BMD188, A Novel Hydroxamic Acid Compound, Demonstrates Potent Anti-Prostate Cancer Effects in vitro and in vivo by Inducing Apoptosis: Requirements for Mitochondria, Reactive Oxygen Species, and Proteases

Dean G TANG1, Li LI1, Zhenyu ZHU1, Bindu JOSHI1, Carl R JOHNSON4, Lawrence J MARNETT5, Kenneth V HONN2, John D CRISSMAN6, Stanislaw KRAJEWSKI7, John C REED7, József TÍMÁR8, Arthur T PORTER3

1Biomide Laboratories, Wayne State University, Detroit, USA
2Department of Radiation Oncology, Wayne State University, Detroit, USA
3Karmanos Cancer Insitute, Detroit, USA
4Department of Chemistry, Wayne State University, Detroit, USA
5Department of Biochemistry, Vanderbilt University Medical Center, Nashville, USA
6Department of Pathology, Wayne State University, Detroit, USA
7Apoptosis & Cell Death Program, The Burham Institute, La Jolla, USA
81st Institute of Pathology and Experimental Cancer Research, Semmelweis University of Medicine, Budapest, Hungary


A newly synthesized cyclic hydroxamic acid compound, BMD188 [cis-1-hydroxy-4-(1-naphthyl)-6-octylpiperidine-2-one], was found to induce the apoptotic death of cultured prostate cancer cells by activating caspase-3. Orally administered BMD188 significantly inhibited the primary growth of prostate cancer cells (Du145) orthotopically implanted into SCID mice. Mechanistic studies indicated that BMD188 did not alter the protein levels of several Bcl-2 family members. In contrast, the BMD188 effect required three essential factors: reactive oxygen species (ROS), the mitochondrial respiratory chain function, and proteases. First, the apoptosis-inducing effect of BMD188 could be blocked by ROS scavengers such as Desferal. Second, both BMD188-induced PARP cleavage as well as PC3 cell apoptosis could be dramatically inhibited by several complex-specific mitochondrial respiration blockers. The involvement of mitochondria was also supported by the observations that BMD188 dramatically altered the mitochondrial distribution and morphology without affecting the cellular ATP levels. Finally, the apoptosis-inducing effect of BMD188 in PC3 cells could be significantly inhibited by serine protease inhibitors (TPCK and TLCK) as well as by caspase inhibitors (zVAD-fmk and DEVD-CHO). Collectively, the present study suggests that BMD188 and its analogs may find clinical applications in the treatment of prostate cancer patients by inducing apoptotic death of prostate cancer cells. Pathology & Oncology Research, Vol 4, Nr 3, 179-190, 1998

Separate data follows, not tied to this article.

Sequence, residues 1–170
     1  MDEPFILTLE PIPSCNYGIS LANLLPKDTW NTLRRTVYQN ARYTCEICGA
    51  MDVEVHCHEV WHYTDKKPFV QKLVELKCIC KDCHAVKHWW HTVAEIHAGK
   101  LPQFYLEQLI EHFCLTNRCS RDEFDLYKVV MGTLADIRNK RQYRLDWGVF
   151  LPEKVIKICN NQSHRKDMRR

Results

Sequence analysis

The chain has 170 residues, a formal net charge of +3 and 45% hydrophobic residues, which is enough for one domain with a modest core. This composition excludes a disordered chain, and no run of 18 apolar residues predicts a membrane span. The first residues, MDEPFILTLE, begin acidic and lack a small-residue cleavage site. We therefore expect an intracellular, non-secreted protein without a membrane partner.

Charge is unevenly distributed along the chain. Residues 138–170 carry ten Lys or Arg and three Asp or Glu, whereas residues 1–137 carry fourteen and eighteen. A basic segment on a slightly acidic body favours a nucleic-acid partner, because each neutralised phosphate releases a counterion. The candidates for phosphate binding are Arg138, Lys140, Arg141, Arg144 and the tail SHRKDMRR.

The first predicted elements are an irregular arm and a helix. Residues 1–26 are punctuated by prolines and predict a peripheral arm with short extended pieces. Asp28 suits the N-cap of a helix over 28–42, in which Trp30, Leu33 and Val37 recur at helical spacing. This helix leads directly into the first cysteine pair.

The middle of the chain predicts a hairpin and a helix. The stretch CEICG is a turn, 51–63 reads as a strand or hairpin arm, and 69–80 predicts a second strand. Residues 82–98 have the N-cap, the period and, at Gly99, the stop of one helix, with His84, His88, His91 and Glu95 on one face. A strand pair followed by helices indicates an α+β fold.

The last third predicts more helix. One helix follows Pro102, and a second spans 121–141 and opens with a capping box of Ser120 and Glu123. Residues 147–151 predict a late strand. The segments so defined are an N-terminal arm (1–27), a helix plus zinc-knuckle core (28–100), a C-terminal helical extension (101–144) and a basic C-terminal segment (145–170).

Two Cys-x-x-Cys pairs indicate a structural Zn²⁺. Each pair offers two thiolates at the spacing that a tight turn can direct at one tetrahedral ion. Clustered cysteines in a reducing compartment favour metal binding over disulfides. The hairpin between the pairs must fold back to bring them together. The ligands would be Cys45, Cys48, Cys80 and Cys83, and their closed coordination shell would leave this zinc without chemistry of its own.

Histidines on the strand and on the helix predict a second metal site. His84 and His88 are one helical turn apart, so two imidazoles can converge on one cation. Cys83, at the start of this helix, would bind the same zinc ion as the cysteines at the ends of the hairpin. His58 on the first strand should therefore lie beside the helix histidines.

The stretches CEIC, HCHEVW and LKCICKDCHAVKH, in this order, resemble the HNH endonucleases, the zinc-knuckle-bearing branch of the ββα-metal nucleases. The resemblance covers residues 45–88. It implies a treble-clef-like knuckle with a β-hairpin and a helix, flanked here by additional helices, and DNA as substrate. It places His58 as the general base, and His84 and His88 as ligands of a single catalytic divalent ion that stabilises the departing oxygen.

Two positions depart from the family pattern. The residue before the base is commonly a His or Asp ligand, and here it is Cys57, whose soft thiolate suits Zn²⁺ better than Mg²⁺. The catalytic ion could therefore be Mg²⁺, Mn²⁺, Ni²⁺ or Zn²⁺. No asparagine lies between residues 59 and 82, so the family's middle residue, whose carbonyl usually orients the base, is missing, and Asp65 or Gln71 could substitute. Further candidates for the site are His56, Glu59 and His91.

Key words: hydroxamic acid; prostate cancer; apoptosis; free radical; mitochondria; chemotherapy

Received: May 26, 1998; accepted: Aug 18, 1998
Correspondence: Dean G TANG, Department of Radiation Oncology, Wayne State University, 407 Life Science Bldg. Detroit 48202, USA; Tel: (313)5772184, Fax: (313)5772375; E-mail:

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